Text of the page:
Figli d'Adamo

Centro Regionale Danza ATERBALLETTO

created in 2000

(Children of Adam)

created by

performed by

musical director




assistant choreographer

produced by
Centro regionale della danza/ATERBALLETTO
in collaboration with




Movements of bodies, voices and souls that we have decided to call Figli d'Adamo.

Forms and feelings for fourteen splendid classical dancers, the only classical references on this occasion being some of the music and clothes.

Two completely different dance methods and worlds contrasted, the intention being to show that artistic creation has no fences or barriers and actually uproots any such restrictions irreverently to create vast free spaces where the eye can roam without necessarily having to label whatever it sees.

The brief tale of a meeting between two different worlds that have slowly come to acknowledge one another.

Like artisans we tried to file and chisel, plaster and gild. Destroying and rebuilding where necessary. With the advantage of finding bodies perfectly primed and minds willing to question, even if it had taken years to reach that degree of perfection. We asked them to doubt it all, talking about and exploring together the possibility of even greater perfection via an impurity. Until the shine and wonder of the very first dance steps returned to the surface. And then we listened to stories that moved us, made us curious or passed us by without leaving a trace, but which all became material in movement and starting points for an end as yet unknown.

Then form helped feeling: that is why with these specialists of bodily action in space we wanted to go back to the basic forms of existence such as walking, standing, sitting or falling to the ground, grasping wrists or putting hands to waist. Always keeping in mind that each movement has its own glance, its lines at the corners of the mouth.

We were only satisfied once we had attempted, with their agreement, to place them in that new shell or, to quote Tarkovskij, "in that Olympic serenity each new form provides".

So perhaps it was inevitable that in the end men and women, life and the way it reproduces itself and can be both everyday and mythical, became our subjects. Between the banality of human things and the purity of myth we paused together to look at the swarming, desperate agitation of those who seek meaning. Uselessly. From Judas' kiss to the lips of two lovers glued together forever, from Adam and Eve, striptease artists of 2000, to the biblical pair who disobeyed divine law; from Courbet's Origin of the World to its return to flesh in the shape of woman on show; from the raising of the religious ritual wafer to the altar-table raised to the sky bearing a sacrificial lamb once again in female guise: the unconscious metaphor dance bewilderedly evokes catches us by surprise every time.

First intuition and staging, then the slow and serious "explanation", but as a burden and a loss of that sense of the sacred, the magical, the illusion that occurs upon walking down the steps leading from stage to stalls.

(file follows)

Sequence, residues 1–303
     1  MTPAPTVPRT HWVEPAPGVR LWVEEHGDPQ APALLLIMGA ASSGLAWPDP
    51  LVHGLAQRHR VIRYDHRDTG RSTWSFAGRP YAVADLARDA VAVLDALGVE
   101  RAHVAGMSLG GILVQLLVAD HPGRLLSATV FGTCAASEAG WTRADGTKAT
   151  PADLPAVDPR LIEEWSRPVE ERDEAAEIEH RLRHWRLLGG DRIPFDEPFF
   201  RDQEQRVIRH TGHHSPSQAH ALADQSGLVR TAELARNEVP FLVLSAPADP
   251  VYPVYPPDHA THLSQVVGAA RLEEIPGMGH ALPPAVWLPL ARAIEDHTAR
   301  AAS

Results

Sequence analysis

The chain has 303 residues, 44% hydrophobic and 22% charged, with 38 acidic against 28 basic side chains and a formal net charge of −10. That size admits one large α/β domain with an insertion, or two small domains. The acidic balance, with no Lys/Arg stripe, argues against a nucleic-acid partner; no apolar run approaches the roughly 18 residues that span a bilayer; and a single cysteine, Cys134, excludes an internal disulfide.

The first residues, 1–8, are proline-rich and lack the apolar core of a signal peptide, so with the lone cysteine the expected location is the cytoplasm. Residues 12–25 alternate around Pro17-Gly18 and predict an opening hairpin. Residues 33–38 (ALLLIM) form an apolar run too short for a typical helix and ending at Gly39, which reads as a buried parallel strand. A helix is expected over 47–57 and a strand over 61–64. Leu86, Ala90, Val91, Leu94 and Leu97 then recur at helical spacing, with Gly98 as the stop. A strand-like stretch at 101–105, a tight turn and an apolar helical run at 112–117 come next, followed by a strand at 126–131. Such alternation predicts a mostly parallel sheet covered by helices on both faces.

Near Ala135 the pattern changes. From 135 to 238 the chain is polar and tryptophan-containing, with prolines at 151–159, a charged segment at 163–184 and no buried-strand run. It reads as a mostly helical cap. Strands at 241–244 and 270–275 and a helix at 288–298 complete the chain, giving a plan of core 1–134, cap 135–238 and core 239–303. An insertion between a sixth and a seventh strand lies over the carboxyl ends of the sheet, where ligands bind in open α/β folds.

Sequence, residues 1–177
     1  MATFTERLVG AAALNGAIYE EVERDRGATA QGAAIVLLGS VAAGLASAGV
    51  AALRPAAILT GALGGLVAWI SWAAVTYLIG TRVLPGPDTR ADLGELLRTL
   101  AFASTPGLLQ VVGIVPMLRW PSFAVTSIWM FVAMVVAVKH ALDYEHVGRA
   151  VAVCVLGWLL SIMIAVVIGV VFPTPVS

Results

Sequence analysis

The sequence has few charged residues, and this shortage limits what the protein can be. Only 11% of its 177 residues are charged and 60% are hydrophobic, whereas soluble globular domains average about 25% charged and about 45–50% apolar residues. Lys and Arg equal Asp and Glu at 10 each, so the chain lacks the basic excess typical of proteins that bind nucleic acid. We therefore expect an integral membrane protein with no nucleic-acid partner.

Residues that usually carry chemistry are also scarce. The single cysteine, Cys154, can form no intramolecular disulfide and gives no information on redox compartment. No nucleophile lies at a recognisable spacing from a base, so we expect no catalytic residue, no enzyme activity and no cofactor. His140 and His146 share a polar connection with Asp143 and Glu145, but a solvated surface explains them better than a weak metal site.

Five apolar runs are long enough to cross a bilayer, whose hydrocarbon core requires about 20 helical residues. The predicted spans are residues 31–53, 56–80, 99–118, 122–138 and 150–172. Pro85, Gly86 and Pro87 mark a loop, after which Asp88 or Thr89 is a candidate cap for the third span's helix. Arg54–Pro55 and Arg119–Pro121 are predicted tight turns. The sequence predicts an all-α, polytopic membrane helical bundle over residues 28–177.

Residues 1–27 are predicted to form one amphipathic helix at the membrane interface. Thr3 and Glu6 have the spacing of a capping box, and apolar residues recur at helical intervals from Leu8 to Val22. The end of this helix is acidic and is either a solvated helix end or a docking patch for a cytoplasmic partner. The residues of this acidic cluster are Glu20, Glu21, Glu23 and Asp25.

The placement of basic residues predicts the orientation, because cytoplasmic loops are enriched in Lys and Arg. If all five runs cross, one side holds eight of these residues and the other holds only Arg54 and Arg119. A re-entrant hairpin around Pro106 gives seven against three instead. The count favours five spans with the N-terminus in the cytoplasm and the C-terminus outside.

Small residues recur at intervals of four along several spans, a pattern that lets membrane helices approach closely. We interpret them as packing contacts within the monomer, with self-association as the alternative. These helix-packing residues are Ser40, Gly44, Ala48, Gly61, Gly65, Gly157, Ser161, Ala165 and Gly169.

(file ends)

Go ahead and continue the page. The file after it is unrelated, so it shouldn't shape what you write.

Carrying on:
There is a strong sensation of having omitted a lot, too much of what really took place between the fourteen dancers and ourselves in this meeting so intensely desired by Mauro, " the meeting of two different worlds that have acknowledged one another" and which perhaps are no longer so very different at all.

Michele Abbondanza and Antonella Bertoni

For once the ballet dancers, immersed in the language of director and lead choreographer Mauro Bigonzetti, with digressions in Forsythe rather than Balanchine or in the creations of young European authors such as Christian Spuck, have entered a totally different game. It is the autobiographical game of dance theatre, under the guidance of a pair of young, attractive stars of the new Italian choreography scene, ex-Carsonians Michele Abbondanza and Antonella Bertoni. [...] On a bristly lawn of existential battles, in a living family portrait-style group photo, from lunch around the table to loves emerge the characters who are gradually revealed: the macho southerner, the exuberant youth who dreams of lapdancing in a women's nightclub, the girls with their twirling skirts, an erotical-ironical contemporary dying swan. [...] Depending on age, provenance, physique and temperament, Abbondanza and Bertoni have transformed all the nuances of living in each individual dancer of the Aterballetto, from the comical to the desperate to the arousing.
Elisa Guzzo Vaccarino, « Balletto Oggi » , August

A terrific challenge, a courageous experience, with dancers who go beyond their usual skills to explore the area of theatre in a mixture of languages comprising physical essentiality, rhythmic movements full of energy, acting and singing.[...] The performers are all excellent, light and fresh and capable of combining great expressive control with a special playful togetherness to touch on latin lovers, the desire for love, different ways to seek, unite and reject one another. And the audience greeted the proposal with great joy.
Valeria Ottolenghi, « Gazzetta di Parma » , 25 June 2000

At last, a rare event, the audience can laugh, reflect and have fun at a dance theatre performance, normally so funereal and mortifying. Of course the stories and choreography by Abbondanza and Bertoni are not banal.
Aurora Marsotto, « Il sole 24 ore » , 17 September 2000

Teatro Herberia – Rubiera  (RE) (1° nazionale); Castello Pasquini – Castiglioncello (LI); Festival Adda  Danza - Castello Visconteo – Trezzo d’Adda (MI); Teatro della Cavallerizza – Reggio Emilia; Teatro Civico – La Spezia; Fabbrica Europa - Ex Stazione Leopolda – Firenze; P.zza Affari – Milano.

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